Elaine’s Pendant Publishing job also emphasizes the tricky and complex relationship that she has with George. Elaine and George aren’t actually friends, as they only spend time together when Jerry is around. In Seinfeld season 3, episode 12, “The Red Dot,” Elaine helps George get a job at Pendant, but he gets fired after sleeping with a cleaner in the office. In contrast to George, who doesn’t always take his job seriously, Elaine wants to be considered a great employee wherever she works.
Elaine Works As Mr. Pitt’s Assistant In Season 6
Mr. Pitt holding an object in his office on Seinfeld
Elaine begins working for Justin Pitt (Ian Abercrombie) in Seinfeld season 6, and while she has a lower position than when she was an editor, he’s a Doubleday executive, which she feels will help her move up in the future. Mr. Pitt is a tough boss who wants Elaine to keep his pencils as sharp as possible and buy him the best socks. He is a side character as impactful as the main cast as he has as many quirks as Elaine, Jerry, Kramer, and George. Elaine learns lessons in patience and remaining calm because while she doesn’t like the work, she hopes that it can land her a better opportunity.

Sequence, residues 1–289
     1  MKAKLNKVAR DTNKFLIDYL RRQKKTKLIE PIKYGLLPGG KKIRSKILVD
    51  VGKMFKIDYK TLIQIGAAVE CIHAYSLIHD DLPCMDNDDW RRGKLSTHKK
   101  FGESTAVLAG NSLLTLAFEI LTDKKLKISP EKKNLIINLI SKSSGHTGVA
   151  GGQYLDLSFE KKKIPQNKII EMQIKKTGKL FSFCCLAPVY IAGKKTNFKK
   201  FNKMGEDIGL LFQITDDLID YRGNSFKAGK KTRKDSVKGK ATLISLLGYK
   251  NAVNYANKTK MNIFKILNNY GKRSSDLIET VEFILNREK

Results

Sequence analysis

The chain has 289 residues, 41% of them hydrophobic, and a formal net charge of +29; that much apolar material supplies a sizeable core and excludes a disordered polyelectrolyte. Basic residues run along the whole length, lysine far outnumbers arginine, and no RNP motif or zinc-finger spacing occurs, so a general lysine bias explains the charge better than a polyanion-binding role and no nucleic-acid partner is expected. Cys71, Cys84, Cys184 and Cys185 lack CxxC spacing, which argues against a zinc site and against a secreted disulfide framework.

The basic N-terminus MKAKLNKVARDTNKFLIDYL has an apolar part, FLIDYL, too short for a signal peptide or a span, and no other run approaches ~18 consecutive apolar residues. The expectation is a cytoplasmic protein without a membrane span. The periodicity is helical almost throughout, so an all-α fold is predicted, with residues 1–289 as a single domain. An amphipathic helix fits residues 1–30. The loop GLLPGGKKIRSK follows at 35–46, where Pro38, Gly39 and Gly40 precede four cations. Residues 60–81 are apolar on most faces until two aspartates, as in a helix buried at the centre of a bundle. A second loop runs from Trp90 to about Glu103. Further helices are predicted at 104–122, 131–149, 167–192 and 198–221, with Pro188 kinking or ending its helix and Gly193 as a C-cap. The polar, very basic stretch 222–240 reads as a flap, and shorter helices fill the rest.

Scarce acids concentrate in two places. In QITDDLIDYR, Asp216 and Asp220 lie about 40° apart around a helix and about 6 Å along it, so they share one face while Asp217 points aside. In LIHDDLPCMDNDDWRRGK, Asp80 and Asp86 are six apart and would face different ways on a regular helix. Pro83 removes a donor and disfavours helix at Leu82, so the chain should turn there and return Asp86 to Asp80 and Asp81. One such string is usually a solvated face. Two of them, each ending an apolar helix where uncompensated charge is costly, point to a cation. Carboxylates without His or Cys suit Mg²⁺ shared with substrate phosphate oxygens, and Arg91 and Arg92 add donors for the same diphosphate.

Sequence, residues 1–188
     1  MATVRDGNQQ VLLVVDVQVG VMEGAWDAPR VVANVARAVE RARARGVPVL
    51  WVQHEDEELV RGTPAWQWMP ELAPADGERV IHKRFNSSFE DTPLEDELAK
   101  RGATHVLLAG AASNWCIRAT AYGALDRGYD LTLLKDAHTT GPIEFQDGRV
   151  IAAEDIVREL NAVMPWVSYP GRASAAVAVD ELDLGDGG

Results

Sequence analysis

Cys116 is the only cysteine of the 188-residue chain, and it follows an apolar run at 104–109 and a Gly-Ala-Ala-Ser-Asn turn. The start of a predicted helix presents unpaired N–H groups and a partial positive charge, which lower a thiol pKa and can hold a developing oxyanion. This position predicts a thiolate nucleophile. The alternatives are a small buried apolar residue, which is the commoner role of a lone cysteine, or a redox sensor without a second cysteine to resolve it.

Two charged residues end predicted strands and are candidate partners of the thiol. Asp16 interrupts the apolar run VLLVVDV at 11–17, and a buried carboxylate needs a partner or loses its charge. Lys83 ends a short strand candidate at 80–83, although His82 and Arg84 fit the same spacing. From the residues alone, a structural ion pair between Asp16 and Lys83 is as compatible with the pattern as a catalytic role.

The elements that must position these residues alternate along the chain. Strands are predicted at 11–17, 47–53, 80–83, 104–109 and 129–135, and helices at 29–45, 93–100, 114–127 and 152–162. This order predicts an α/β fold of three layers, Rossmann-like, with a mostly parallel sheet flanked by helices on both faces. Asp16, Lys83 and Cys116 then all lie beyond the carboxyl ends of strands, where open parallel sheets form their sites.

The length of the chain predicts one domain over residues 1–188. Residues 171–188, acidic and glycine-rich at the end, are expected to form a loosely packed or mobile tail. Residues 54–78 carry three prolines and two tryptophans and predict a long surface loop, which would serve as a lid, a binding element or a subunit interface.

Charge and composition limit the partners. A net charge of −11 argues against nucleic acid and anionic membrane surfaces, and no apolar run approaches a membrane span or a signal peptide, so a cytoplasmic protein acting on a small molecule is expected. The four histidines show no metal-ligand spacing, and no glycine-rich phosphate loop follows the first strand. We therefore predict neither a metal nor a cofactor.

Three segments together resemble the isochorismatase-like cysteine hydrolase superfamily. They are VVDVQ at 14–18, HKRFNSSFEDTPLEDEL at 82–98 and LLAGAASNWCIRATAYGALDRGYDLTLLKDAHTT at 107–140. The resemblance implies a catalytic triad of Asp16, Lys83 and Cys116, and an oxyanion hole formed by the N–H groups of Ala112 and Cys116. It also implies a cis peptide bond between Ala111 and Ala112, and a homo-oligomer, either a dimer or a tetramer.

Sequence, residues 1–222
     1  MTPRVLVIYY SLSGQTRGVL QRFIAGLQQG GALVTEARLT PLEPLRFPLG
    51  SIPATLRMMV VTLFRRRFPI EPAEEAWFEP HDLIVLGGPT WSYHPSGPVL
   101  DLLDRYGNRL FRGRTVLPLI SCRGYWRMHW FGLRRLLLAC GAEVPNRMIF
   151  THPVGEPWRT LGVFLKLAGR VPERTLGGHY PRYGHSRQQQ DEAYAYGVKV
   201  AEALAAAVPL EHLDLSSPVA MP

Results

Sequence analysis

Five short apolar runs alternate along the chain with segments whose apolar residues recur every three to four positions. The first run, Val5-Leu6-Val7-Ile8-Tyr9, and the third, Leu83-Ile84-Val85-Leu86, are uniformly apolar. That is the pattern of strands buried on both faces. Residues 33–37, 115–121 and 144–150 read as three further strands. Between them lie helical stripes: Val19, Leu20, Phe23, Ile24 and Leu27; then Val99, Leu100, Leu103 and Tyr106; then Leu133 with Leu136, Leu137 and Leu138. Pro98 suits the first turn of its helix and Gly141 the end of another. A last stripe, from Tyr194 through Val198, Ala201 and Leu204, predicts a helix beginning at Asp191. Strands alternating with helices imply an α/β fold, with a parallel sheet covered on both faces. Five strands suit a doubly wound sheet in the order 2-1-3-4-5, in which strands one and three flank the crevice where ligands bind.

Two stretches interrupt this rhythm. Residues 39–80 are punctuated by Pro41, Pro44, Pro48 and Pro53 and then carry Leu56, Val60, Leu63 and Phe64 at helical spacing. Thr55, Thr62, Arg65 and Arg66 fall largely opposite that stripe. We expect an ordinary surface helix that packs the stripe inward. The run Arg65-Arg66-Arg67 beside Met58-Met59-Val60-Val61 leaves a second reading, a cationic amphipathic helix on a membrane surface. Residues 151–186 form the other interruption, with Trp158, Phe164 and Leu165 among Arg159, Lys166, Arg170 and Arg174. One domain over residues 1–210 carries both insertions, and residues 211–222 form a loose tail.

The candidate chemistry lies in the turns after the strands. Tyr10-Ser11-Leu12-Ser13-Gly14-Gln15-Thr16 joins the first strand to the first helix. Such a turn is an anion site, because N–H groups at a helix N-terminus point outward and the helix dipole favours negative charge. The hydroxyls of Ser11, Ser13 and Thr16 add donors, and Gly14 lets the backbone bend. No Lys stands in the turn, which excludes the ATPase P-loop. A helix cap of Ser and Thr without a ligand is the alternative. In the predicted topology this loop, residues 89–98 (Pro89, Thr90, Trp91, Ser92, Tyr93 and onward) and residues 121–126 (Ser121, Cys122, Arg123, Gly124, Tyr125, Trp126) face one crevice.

Mr. Pitt is part of one of the funniest Seinfeld storylines, which makes this one of Elaine’s most memorable jobs. In season 6, episode 3, “The Pledge Drive,” he eats a Snickers bar with a fork and knife, and this starts a trend in New York City. Mr. Pitt is unaware of the effect that he has, which makes this a fan-favorite plotline. While another sitcom might feature Mr. Pitt in a wilder and more chaotic storyline, the fact that this episode is about him enjoying a chocolate bar in his own way is what makes Seinfeld so notable.
Elaine Is A J. Peterman Copywriter Beginning In Season 6
Elaine about to eat cake in her office and J. Peterman holding a cup of coffee on Seinfeld